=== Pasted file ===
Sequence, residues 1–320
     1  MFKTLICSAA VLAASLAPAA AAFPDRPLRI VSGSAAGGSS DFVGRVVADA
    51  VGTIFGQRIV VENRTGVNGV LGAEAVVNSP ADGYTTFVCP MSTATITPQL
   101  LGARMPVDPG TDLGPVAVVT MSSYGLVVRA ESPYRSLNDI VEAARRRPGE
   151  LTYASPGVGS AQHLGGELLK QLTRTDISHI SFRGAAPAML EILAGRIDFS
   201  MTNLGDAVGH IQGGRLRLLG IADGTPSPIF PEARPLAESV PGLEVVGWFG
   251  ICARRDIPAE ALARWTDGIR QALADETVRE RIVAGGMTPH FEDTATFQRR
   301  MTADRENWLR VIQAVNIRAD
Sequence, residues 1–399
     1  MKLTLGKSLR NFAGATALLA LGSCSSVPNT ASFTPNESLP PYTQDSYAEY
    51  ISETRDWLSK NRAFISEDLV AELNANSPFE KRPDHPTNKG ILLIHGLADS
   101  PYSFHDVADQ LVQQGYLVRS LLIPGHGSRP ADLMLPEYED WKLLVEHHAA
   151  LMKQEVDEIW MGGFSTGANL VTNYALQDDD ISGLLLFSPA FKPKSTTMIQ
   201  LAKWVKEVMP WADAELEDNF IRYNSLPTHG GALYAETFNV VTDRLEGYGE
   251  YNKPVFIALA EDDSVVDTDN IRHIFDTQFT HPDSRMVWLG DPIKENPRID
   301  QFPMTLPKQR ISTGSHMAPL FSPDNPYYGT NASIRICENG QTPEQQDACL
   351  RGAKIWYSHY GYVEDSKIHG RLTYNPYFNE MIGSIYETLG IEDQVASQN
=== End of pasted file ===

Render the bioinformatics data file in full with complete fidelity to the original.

Sequence, residues 1–320
     1  MFKTLICSAA VLAASLAPAA AAFPDRPLRI VSGSAAGGSS DFVGRVVADA
    51  VGTIFGQRIV VENRTGVNGV LGAEAVVNSP ADGYTTFVCP MSTATITPQL
   101  LGARMPVDPG TDLGPVAVVT MSSYGLVVRA ESPYRSLNDI VEAARRRPGE
   151  LTYASPGVGS AQHLGGELLK QLTRTDISHI SFRGAAPAML EILAGRIDFS
   201  MTNLGDAVGH IQGGRLRLLG IADGTPSPIF PEARPLAESV PGLEVVGWFG
   251  ICARRDIPAE ALARWTDGIR QALADETVRE RIVAGGMTPH FEDTATFQRR
   301  MTADRENWLR VIQAVNIRAD
Sequence, residues 1–399
     1  MKLTLGKSLR NFAGATALLA LGSCSSVPNT ASFTPNESLP PYTQDSYAEY
    51  ISETRDWLSK NRAFISEDLV AELNANSPFE KRPDHPTNKG ILLIHGLADS
   101  PYSFHDVADQ LVQQGYLVRS LLIPGHGSRP ADLMLPEYED WKLLVEHHAA
   151  LMKQEVDEIW MGGFSTGANL VTNYALQDDD ISGLLLFSPA FKPKSTTMIQ
   201  LAKWVKEVMP WADAELEDNF IRYNSLPTHG GALYAETFNV VTDRLEGYGE
   251  YNKPVFIALA EDDSVVDTDN IRHIFDTQFT HPDSRMVWLG DPIKENPRID
   301  QFPMTLPKQR ISTGSHMAPL FSPDNPYYGT NASIRICENG QTPEQQDACL
   351  RGAKIWYSHY GYVEDSKIHG RLTYNPYFNE MIGSIYETLG IEDQVASQN